By Clint Thompson
Cattle producers need to have their bulls checked by a trained veterinarian every year to ensure optimum reproductive efficiency and production, says Lee Jones, University of Georgia Associate Professor in the College of Veterinary Medicine in Tifton, Georgia.
“It’s possible that some of these sub-fertile bulls are costing farmers anywhere between $1,500 and $2,000 in just lost production. That’s only on 25 to 30 cows. Some herds have three to four times that number, and the losses get substantial,” Jones said.
Jones recommends that farmers need to have their bulls tested by a trained vet in breeding soundness evaluation. The bulls need to undergo a physical, reproductive examination and produce a semen sample that’s tested for good motility and good morphology.
He emphasizes the importance of having bulls checked every year.
“We’re working on the bull side of reproductive efficiency in cowherds. We want to have those bulls checked every year to make sure they’re capable of breeding cows,” Jones said. “If they have reproductive problems, we want to make sure (the ranchers are) looking at the bulls first to see, ‘Is my bull contributing to a lack of reproduction or loss of reproduction and then what can I do annually to prevent those problems? Or make sure that I’ve got good bulls, or if I find out I’ve got bad bulls, find out in time to replace those bulls with a bull that can get the job done.”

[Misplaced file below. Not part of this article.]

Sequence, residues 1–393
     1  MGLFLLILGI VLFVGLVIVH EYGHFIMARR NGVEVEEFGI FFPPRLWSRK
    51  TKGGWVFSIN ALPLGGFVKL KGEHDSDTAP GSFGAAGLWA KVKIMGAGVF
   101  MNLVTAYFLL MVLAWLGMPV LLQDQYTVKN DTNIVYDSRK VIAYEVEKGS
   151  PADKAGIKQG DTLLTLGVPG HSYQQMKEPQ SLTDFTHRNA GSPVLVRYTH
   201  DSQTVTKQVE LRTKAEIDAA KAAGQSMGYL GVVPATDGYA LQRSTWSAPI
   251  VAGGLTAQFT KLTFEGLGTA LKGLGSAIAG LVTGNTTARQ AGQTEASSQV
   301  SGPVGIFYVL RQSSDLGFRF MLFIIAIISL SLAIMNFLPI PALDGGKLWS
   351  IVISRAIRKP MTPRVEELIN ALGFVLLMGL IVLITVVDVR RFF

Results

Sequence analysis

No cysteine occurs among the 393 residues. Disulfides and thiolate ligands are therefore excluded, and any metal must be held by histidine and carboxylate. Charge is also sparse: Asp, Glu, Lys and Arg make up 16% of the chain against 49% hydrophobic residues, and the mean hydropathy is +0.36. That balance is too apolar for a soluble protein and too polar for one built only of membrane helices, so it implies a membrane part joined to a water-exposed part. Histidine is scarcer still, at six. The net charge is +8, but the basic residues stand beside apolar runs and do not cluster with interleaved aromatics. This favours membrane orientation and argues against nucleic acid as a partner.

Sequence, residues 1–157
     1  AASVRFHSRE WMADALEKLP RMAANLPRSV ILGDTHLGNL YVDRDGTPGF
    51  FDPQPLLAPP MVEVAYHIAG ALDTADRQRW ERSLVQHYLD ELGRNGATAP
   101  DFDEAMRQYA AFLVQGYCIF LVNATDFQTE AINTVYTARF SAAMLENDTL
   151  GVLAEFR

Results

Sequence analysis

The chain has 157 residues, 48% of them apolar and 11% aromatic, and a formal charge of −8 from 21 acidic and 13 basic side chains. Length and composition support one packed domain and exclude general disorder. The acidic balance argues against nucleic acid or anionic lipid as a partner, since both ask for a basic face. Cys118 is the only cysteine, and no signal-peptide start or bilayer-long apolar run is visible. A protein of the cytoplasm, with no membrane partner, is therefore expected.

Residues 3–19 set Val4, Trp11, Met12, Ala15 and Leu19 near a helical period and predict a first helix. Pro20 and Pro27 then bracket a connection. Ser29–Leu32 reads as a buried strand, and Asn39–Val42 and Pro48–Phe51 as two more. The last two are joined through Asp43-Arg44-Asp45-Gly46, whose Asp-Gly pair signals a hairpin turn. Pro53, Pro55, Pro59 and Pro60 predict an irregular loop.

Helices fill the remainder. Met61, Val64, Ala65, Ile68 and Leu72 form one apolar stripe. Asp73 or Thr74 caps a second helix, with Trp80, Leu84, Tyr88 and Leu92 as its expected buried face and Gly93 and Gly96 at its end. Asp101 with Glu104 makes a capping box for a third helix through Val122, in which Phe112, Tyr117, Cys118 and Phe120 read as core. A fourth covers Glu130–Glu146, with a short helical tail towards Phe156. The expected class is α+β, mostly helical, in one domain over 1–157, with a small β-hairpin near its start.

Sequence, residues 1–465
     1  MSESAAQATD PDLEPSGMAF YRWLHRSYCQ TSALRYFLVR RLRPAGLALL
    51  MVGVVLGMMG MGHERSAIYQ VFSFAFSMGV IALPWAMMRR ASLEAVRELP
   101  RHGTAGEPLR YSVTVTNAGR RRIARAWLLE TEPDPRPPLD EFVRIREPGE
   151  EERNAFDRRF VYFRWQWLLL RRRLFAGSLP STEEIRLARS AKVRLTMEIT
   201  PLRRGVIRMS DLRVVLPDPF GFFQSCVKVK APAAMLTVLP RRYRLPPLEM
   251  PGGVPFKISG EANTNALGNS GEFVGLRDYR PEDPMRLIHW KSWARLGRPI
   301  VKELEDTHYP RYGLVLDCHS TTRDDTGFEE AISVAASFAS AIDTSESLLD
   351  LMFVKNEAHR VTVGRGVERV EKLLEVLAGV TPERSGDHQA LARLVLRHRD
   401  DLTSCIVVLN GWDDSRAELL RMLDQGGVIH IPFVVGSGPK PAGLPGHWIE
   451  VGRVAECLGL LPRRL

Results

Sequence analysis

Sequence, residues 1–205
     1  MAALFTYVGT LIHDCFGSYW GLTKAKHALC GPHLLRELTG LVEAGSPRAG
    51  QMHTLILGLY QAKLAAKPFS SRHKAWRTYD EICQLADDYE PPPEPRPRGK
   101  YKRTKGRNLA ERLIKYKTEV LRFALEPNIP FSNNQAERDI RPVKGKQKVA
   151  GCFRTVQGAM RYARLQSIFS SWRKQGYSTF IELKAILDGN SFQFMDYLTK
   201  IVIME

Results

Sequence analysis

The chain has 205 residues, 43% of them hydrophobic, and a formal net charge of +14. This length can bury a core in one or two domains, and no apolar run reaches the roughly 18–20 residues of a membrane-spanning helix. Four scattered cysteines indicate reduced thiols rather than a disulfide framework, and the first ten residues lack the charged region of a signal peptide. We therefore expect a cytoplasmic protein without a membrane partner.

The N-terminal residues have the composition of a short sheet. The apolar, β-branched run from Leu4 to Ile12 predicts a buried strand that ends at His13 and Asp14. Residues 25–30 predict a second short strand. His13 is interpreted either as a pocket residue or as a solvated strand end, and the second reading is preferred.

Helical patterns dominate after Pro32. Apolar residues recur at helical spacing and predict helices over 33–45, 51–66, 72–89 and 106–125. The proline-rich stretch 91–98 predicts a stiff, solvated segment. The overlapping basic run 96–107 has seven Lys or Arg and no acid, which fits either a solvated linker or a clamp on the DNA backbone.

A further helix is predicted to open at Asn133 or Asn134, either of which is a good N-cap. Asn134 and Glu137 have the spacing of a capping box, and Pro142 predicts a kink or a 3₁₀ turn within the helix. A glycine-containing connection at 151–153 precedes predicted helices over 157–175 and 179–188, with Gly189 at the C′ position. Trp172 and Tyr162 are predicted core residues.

Jones estimates that only 1 out of 5 farmers check their bulls every year. The problem is 1 out of every 8 or 10 bulls is what Jones would classify as sub-fertile.
“When a bull breeds a cow, if he misses her, that’s 21 days. If we figure that a calf grows two pounds per day in 21 days, that’s a loss of at least 40 pounds per calf. At $1.50, that’s $60 every time a bull misses a cow. This can add up in a hurry if I’ve got a pasture with only one bull in it and he’s missing cows,” Jones said. “I need to find that out as quick as possible to cut my losses.”